Marcus Rashford urges families to use £220m school holiday programme

Joe Lepper
Wednesday, June 16, 2021

England striker and food poverty campaigner Marcus Rashford is fronting a campaign to encourage parents to sign up for the government’s £220m holiday activities and food programme.

Marcus Rashford is encouraging families to join the scheme. Picture: Food Foundation
Marcus Rashford is encouraging families to join the scheme. Picture: Food Foundation

The programme offers food and activities for pupils during the school holidays, with free places for pupils eligible for free school meals.

The campaign features a film launched by charity Food Foundation, which has released the results of a survey of more than 2,000 parents.

It found that 30 per cent of parents of school-aged children are concerned about feeding their family over the summer holidays and the proportion increases to 49 per cent among parents of eight- to 16-year-olds eligible for free school meals.

However, awareness of the programme is limited among many parents. The Foundation found that less than a quarter (24 per cent) of parents have heard of the holiday activities and food programme.

Less than half (43 per cent) of parents with children eligible for free school meals are aware of the scheme.

“I know only too well that the holidays can be a really difficult time for families who are struggling,” said Rashford.

 “It’s such a weight off their shoulders to know that there is a safe space for their children to go, where their minds can be stimulated, and where they are guaranteed at least one meal a day.”

The film also features pupils and was filmed at schools in Leeds, London and Button Lane primary school in Manchester, where Rashford went to school.

“The pandemic has hit the most vulnerable and disadvantaged the hardest, with food poverty at the heart of the difficulties for many families,” said Food Foundation chief executive Anna Taylor.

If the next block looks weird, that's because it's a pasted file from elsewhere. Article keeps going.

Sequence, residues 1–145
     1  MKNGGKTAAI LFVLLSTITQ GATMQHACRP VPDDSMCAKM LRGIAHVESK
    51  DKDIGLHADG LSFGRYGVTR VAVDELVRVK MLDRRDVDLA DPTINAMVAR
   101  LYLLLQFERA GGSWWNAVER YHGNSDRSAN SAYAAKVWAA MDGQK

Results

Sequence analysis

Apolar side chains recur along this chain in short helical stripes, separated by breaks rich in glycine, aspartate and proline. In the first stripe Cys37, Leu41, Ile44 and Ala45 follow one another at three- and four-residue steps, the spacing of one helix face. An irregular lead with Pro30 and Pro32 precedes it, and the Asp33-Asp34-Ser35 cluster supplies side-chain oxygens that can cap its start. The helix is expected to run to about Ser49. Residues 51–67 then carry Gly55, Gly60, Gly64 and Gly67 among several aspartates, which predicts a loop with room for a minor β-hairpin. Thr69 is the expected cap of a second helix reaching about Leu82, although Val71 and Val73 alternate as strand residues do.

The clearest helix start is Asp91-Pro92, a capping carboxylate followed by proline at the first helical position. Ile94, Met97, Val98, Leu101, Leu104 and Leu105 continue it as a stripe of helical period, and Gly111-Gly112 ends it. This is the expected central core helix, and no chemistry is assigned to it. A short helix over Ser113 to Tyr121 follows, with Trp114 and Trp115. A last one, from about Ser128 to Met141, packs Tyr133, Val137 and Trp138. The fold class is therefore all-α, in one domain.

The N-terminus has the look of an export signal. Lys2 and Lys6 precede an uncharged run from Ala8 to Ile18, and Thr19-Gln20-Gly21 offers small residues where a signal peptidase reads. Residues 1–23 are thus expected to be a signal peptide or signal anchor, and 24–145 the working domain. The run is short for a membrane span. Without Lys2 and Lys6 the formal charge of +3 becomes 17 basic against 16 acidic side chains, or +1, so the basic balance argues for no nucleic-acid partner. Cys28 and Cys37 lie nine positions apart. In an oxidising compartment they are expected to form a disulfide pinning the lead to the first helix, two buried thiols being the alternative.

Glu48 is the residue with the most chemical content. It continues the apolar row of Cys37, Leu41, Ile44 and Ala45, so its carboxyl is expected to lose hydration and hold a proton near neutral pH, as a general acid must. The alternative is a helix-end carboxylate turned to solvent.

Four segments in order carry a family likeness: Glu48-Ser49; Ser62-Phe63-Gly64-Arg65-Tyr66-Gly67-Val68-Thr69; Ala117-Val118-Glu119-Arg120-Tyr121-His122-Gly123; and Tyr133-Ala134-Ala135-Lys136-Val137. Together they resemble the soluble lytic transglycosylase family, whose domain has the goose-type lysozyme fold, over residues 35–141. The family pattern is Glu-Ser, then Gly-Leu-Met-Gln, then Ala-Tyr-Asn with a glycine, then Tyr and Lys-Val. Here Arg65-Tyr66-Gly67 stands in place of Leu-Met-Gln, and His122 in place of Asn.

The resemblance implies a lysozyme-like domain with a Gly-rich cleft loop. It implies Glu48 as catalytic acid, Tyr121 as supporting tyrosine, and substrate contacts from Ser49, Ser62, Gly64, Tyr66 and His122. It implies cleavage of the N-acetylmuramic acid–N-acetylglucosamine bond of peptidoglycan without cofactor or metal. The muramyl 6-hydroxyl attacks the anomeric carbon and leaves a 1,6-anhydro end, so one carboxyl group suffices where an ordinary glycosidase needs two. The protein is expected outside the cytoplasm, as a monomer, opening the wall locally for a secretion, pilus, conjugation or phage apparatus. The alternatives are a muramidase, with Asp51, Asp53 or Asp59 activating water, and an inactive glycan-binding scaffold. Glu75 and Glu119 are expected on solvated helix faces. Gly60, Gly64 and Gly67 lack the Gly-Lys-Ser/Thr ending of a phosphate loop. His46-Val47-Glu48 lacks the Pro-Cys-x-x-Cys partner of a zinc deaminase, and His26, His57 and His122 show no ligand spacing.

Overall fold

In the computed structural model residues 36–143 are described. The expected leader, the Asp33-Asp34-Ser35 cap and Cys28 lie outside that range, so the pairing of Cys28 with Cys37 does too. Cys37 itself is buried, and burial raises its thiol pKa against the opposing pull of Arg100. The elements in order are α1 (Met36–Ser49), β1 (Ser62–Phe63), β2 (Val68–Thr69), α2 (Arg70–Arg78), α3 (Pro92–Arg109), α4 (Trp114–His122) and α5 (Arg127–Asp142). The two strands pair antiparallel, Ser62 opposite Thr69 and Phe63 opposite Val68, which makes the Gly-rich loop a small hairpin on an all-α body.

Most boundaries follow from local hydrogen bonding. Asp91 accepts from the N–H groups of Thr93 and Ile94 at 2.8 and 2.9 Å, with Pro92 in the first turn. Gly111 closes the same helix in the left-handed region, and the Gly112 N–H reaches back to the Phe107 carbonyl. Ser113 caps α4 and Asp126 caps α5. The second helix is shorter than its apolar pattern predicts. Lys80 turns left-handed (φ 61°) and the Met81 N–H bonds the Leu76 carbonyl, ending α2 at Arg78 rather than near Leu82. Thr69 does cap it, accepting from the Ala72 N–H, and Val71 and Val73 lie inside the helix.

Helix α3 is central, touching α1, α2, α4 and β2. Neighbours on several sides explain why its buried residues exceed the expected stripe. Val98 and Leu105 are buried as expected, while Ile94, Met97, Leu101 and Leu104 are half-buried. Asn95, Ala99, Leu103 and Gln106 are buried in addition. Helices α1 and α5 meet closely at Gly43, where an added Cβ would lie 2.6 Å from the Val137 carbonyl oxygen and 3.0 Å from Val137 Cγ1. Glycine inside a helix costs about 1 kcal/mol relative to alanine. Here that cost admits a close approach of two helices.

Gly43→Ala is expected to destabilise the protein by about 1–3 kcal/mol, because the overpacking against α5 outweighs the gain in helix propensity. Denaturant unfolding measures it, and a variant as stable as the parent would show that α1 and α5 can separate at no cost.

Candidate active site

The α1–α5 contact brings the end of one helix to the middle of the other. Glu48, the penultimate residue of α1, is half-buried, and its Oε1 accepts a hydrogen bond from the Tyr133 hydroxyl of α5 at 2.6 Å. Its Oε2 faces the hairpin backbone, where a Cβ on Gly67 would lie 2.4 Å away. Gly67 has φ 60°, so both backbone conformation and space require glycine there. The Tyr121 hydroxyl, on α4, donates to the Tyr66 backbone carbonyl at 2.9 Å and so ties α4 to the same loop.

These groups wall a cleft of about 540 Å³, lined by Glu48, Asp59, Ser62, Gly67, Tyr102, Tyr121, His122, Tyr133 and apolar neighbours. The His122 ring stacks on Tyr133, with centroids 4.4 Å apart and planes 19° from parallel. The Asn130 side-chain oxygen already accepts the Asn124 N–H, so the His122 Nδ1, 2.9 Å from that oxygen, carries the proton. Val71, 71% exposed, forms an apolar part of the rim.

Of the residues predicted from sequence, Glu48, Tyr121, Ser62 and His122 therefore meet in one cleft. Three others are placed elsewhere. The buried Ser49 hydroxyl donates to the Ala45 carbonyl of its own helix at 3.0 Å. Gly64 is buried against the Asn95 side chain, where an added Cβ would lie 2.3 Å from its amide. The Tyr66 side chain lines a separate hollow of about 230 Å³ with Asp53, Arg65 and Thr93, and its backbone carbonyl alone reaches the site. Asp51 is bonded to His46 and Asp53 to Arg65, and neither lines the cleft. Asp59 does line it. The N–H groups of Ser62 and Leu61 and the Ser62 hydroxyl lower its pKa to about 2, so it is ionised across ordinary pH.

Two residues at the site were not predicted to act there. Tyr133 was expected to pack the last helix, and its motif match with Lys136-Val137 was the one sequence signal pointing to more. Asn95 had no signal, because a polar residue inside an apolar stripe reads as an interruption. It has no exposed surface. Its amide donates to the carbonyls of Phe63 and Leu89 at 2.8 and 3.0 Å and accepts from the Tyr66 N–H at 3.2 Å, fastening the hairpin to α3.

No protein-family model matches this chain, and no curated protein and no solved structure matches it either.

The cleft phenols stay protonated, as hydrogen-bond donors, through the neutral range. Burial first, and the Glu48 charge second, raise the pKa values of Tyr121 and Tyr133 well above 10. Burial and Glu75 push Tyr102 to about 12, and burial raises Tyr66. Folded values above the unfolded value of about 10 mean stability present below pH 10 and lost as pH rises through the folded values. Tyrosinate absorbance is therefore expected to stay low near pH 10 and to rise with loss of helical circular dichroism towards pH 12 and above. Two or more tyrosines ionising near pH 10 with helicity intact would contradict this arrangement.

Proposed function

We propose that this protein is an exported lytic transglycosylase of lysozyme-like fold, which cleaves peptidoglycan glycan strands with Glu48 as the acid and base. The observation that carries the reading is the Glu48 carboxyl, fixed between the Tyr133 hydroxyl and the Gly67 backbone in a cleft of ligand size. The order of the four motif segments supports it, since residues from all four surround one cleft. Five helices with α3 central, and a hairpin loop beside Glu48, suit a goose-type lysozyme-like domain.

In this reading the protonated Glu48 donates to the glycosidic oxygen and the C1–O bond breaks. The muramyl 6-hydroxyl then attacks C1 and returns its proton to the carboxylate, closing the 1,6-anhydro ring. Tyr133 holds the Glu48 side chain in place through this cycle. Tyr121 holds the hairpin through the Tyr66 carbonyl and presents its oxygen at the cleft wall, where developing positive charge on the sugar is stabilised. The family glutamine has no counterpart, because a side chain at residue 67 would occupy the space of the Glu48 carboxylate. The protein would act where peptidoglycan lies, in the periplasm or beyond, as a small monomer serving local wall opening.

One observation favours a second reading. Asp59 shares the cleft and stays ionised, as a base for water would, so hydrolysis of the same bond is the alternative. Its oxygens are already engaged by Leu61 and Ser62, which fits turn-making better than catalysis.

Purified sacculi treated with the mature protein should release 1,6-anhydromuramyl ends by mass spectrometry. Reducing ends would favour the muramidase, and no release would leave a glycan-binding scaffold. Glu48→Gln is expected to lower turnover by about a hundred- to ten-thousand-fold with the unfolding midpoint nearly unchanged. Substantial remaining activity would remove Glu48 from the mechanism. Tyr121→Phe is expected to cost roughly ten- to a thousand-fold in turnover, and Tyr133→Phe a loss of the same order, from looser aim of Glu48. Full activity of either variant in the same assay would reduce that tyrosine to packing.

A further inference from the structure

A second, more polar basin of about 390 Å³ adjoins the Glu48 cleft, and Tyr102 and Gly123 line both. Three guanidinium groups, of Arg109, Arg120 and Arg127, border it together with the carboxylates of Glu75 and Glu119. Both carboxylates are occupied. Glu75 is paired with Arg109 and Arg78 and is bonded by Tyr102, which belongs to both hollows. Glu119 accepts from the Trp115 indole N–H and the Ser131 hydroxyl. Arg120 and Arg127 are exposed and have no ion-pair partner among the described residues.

“It’s absolutely crucial that we are supporting our young people so that they can overcome these challenges and thrive.”

Children and Families minister Vicky Ford added that the programme aims to “provide nutritious food, as well as activities like arts and crafts, sport, and music, to the children who would benefit the most – especially those eligible for free school meals”.

The foundation also found that the majority (85 per cent) of parents think the government should be providing holiday clubs for children.

Out of term meals were backed by a petition last year that was promoted by Rashford and signed by more than one million people.

Last year Conservative MPs voted against providing food for vulnerable families during school holidays amid the Covid-19 pandemic. But the Prime Minister later announced a U-turn on the decision to provide free school meals over Christmas and other school holidays.

Meanwhile, anti-obesity organisation Bite Back 2030 is inviting young people to join newly created youth boards in London and Birmingham. These will offer training and development opportunities for young people, aged between 14 and 17, in the two cities. The deadline for applications is 11 July.

Bite Back 2030 is particularly keen to hear from applicants who are eligible for free school meals or from black, Asian and minority ethnic backgrounds.

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